Anyway I really wish they opt to host some of their servers outside the USA in the future.
Nevertheless they take privacy and security very seriously, SSL/TLS is mandatory, emails are replicated off-site in Iceland (where they own a bunch of servers) and they use full-disk encryption just in case. Pretty much like Lavabit but without some of the downsides. They even allow you to create alternative passwords (OTP, OTP 1h, SMS, Google Authenticator) which can be very useful when using unsecure computers. But still, even with this level of security there is still room for unauthorized people to read your emails. I strongly urge you to use PGP if you really need to protect your conversations.
Usually I prefer reading my emails using a desktop client with IMAP capabilities because I’ve not been impressed by any webmail I’ve used so far. But it’s nice to have one when you’re on the go.
I must admit this is the first time I was frankly impressed by a webmail. It really feels like it’s a desktop client, trust me. It’s responsive, supports tons of keyboard shortcuts and it works equally well on mobile (but with gestures!). The look is professional and clean, it’s a pleasure to use.
Taking the leap
I went for an Enhanced account (now called Standard) with a two months free trial. The migration from Google Apps was painless even to try Fastmail out. Follow these simple steps to migrate seamlessly without losing any email in the process.
If you plan to signup for an account it would be awesome if you could use my referral link so I can maybe save few bucks during my next subscription and you’ll get 10% off. Thanks!
Step 1: Redirecting everything
The first step was to create few personalities to handle all my email addresses (personal, work, …) and forward every new incoming email to my new Fastmail inbox using their provided alias (which is also your login). If you’re like me and you own your own domain, don’t forget to adjust your SPF records to be able to send emails from your Fastmail account in addition to your current email provider.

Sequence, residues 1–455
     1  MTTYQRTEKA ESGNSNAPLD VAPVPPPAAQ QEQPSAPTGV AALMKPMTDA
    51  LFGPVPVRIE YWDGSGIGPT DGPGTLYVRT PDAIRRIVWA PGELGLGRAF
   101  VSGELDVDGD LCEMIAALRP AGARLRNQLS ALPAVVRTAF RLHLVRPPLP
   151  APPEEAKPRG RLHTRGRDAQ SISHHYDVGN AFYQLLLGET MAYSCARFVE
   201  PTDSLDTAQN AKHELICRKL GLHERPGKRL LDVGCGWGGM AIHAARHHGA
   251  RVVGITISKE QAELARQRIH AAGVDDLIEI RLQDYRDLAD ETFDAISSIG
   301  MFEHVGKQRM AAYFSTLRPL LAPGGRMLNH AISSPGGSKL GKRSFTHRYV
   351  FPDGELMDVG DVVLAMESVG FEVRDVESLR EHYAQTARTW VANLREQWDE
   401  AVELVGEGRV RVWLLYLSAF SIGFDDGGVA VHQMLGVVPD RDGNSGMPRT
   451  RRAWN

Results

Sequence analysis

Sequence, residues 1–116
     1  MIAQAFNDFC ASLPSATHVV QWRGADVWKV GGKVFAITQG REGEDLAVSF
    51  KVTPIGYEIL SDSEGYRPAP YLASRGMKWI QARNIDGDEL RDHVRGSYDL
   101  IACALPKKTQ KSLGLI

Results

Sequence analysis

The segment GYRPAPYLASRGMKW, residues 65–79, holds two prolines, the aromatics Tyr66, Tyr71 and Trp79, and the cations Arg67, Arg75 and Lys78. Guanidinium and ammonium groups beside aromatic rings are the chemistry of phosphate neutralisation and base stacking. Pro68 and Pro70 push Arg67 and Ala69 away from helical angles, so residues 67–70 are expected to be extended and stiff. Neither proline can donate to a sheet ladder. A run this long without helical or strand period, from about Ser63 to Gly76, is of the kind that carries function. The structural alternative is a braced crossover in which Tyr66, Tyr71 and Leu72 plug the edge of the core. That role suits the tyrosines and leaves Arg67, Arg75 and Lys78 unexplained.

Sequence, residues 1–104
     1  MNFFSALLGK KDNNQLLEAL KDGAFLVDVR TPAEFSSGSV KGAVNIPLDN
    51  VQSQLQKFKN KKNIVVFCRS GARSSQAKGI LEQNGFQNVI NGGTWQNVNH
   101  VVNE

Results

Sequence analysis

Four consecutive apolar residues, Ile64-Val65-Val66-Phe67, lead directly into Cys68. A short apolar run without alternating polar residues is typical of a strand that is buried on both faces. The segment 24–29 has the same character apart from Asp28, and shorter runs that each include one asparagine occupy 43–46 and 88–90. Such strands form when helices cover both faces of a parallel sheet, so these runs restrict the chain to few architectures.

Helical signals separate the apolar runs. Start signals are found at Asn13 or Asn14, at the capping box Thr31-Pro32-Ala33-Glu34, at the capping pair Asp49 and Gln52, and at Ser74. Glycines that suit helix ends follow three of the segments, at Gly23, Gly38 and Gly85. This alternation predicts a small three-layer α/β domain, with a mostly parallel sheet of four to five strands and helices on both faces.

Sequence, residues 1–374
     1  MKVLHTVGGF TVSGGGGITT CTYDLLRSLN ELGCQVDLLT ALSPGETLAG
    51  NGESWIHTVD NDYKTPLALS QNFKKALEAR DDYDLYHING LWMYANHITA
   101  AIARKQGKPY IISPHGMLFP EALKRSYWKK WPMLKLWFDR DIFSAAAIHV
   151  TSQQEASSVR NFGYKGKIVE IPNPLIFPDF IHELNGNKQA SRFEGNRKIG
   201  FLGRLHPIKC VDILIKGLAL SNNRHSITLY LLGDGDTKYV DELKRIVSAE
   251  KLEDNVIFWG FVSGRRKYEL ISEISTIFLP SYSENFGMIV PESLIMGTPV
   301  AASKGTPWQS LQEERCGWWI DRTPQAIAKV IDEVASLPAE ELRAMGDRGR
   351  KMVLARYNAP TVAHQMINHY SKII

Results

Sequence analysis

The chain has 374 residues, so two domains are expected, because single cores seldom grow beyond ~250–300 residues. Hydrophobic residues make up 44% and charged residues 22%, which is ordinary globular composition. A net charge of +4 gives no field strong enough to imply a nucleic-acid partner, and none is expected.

Step 2: Preparing your account
If you’re finally ready to use Fastmail as you main email provider you’ll need to configure your Virtual Domains so that Fastmail knows which domains to handle for you. This is easy and only take few seconds to setup.
Step 3: Changing your DNS
Change the MX records of your domain(s) to the Fastmail ones and adjust your SPF records (if any). This might take some time (depending of the TTL of your MX records) to be fully functional. It’s a good practice to reduce the TTL before doing the actual switch.
Step 4: Moving all your emails
Use the built-in Migrate IMAP feature (available in the advanced settings) to copy all your emails from your old provider. This operation can take a very very long time. It took two days to copy my 5GB of emails out of Google Apps.
You might notice a lot of duplicated emails caused by Gmail’s non-standard way of handling folders and labels but don’t be afraid. Fastmail managed to provide a tool to do exactly that. Just launch the Mass delete/Download/Remove duplicates tool to deal with it.
Done! Now say goodbye to your old provider and enjoy Fastmail features that will make you more productive.
I hope you found this article useful and that it gave you an interesting overview of Fastmail. For more information you can read their blog, consult their status page and maybe follow them on twitter. There’s also a HN thread.